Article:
I know I've said it before, but teachers in Ontario are still scratching their heads over the question of how to collect evidence of "observations" and "conversations," and then integrate that evidence into a final grade for a student.
The confusion stems from a paragraph found on page 39 of the Ministry of Education's Growing Success policy document. The paragraph states:
Evidence of student achievement for evaluation is collected over time from three different sources – observations, conversations, and student products. Using multiple sources of evidence increases the reliability and validity of the evaluation of student learning.
Sadly, teachers have not found much guidance from the Ministry on the implementation of this directive. In particular, teachers are left wondering about two critical questions:
Perhaps even more troubling is the fact that teachers cannot find a great deal of consensus, even amongst themselves, about one crucial point. Namely, how do we actually differentiate between a "conversation," an "observation," and a "product"?
To be sure, in our own minds we are all quite clear on the distinction between all three, and we would scarcely imagine any particular debate in the matter. It is only when we subject our individual perceptions of these elements against the scrutiny of our colleagues that we come to realize that there is indeed a great variety of perspectives regarding products, conversations, and observations.
Invariably, most teachers probably like the spirit of triangulation, but just because we like it, doesn't mean we do it. In fact, a recent NewLearnerLab Twitter survey revealed that most teachers do not collect evidence of observations or conversations at all.
Personally, I have developed and experimented with two distinct triangulation systems that would both collect conversation and observation data, and then integrate this data with a student's final grade. I called my first system the Ongoing Triangulation Index, and my second system the Classwork Portfolio.
I have discussed the logistics of each method in separate articles, but after spending a good deal of time implementing both systems in my program, I felt I was now in a better position to present a comparative review of both methods.
Ongoing Triangulation Index
The Ongoing Triangulation Index is a value that is based on recorded observations and conversations that are generated in class. The OTI depends on the ClassDojo application to capture observations and conversations and then curate these observations within a single record for each student.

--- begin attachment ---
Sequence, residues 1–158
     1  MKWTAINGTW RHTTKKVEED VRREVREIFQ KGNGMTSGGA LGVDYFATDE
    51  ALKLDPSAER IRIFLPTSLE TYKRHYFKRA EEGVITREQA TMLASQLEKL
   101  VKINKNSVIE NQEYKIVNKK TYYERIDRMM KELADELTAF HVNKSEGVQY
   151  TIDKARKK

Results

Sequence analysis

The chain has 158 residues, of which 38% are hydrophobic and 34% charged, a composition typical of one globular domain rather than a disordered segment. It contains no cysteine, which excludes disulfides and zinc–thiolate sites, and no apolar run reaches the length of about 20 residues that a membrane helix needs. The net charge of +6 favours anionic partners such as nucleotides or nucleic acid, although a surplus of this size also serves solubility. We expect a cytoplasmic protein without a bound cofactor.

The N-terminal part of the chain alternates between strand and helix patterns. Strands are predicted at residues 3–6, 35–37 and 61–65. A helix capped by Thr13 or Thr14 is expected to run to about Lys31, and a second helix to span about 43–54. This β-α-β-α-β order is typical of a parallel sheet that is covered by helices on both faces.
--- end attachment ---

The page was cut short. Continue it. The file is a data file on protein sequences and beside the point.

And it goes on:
Each observation or conversation is time-stamped, dated, and accompanied by a brief explanation of the observation and the curriculum associated with the observation. Within this index, students can accumulate both positive and negative observations, the sum of which will determine their overall Index value.
The OTI counts for 5% of the overall mark in a course. Thus, a number of OTI observations are recorded each term.
Allows the teacher to capture demonstrations of learning, understanding, appreciation, etc. that occur spontaneously within the classroom.
Generates a comprehensive record of observations and conversations for each student.
This record can contain detailed information regarding the specific learning goals associated with each observation. Example: “Demonstrated a deep understanding of how Keynesian fiscal policy could be used to fill a fiscal gap using the balanced budget multiplier.”
The above record is updated instantly and can be made accessible to both parents and students.
The OTI system uses the ClassDojo app, which lends itself to capturing evidence of observable behaviours. Thus, this system can potentially be criticized as assigning a mark for learning skills and/or work habits.
This system must record both negative and positive observations in order to generate a meaningful value that can then be translated into a mark.
While the OTI facilitated the recording of both conversations and observations, conversations never figured into the index value.
The Classwork Portfolio uses Google Classroom, Kahoot, and Edvance (an online student information system and grade manager) to generate a portfolio of the various activities, exercises, and check-ins that are pursued in class on a day-to-day basis. Each activity is assessed and given a mark between zero and four based on relative quality.